Avatar, which I haven’t seen, has been created, at least for some people, into a particular kind of film, a radical attack on imperialism (think of the Palestinians enacting this out to get media attention to their plight); and now our sophisticated superstar comes along to show how wrong anyone is. For he scoops up this idea and plays around with it, like a kid with coloured balls, until out pops: it’s a reactionary film!  The kind of thing we expect from clever adolescents (like many academics, unfortunately).  Here is something from the playground:

This does not mean, however, that we should reject Avatar on behalf of a more "authentic" acceptance of the real world. If we subtract fantasy from reality, then reality itself loses its consistency and disintegrates. To choose between "either accepting reality or choosing fantasy" is wrong: if we really want to change or escape our social reality, the first thing to do is change our fantasies that make us fit this reality. Because the hero of Avatar doesn't do this, his subjective position is what Jacques Lacan, with regard to de Sade, called le dupe de son fantasme.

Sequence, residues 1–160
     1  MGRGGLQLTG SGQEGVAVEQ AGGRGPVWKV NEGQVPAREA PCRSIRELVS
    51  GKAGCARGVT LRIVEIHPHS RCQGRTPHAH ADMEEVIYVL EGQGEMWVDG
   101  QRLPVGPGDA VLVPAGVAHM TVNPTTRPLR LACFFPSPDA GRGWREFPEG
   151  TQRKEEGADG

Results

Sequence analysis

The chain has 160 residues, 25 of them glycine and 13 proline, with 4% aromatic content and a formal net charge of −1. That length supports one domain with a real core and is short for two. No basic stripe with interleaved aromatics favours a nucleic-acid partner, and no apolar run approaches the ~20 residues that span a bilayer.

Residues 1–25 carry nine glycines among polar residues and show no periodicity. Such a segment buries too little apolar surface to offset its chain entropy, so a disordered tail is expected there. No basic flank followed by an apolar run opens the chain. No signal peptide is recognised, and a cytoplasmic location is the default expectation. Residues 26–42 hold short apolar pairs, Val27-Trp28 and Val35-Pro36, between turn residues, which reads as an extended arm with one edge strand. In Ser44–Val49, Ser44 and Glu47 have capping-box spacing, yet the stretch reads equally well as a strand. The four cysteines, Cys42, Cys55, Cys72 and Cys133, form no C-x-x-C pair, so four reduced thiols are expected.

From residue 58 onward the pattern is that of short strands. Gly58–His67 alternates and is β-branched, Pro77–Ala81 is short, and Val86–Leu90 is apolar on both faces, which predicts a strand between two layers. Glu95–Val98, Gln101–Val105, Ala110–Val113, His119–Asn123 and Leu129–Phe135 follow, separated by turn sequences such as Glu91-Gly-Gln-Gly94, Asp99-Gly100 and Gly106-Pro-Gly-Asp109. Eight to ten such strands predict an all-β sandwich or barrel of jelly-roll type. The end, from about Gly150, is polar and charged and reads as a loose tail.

It may interest reader that I wrote my second sentence before I read his article.  I have a fantasy that Tony Blair is to be tried as a war criminal at the Hague; it sustains me while I read of his latest book, the honour and idealism, of the dictators he removed….  Then a close friend tells me, it’s just a fantasy, and my whole world ‘loses its consistency and disintegrates.’  Of course, these are just words, devoid of any substantive meaning; Saint Paul comes to mind: there is a time when we must put away childish things.

A virtuoso concept player Zizek doesn’t seem to realise that ideas in themselves are not important: it is their relation to reality that gives them their status.  If I say the moon is made of pink saffron its an idea, but a rather foolish one; pure kitsch if the truth be told.   Compare this with actual scientific knowledge of the moon’s composition.  For if we are interested in understanding the world we will want content to our ideas; however, if we’re in the entertainment business facts do not matter – we’ll want the biggest sofas, and the largest TVs.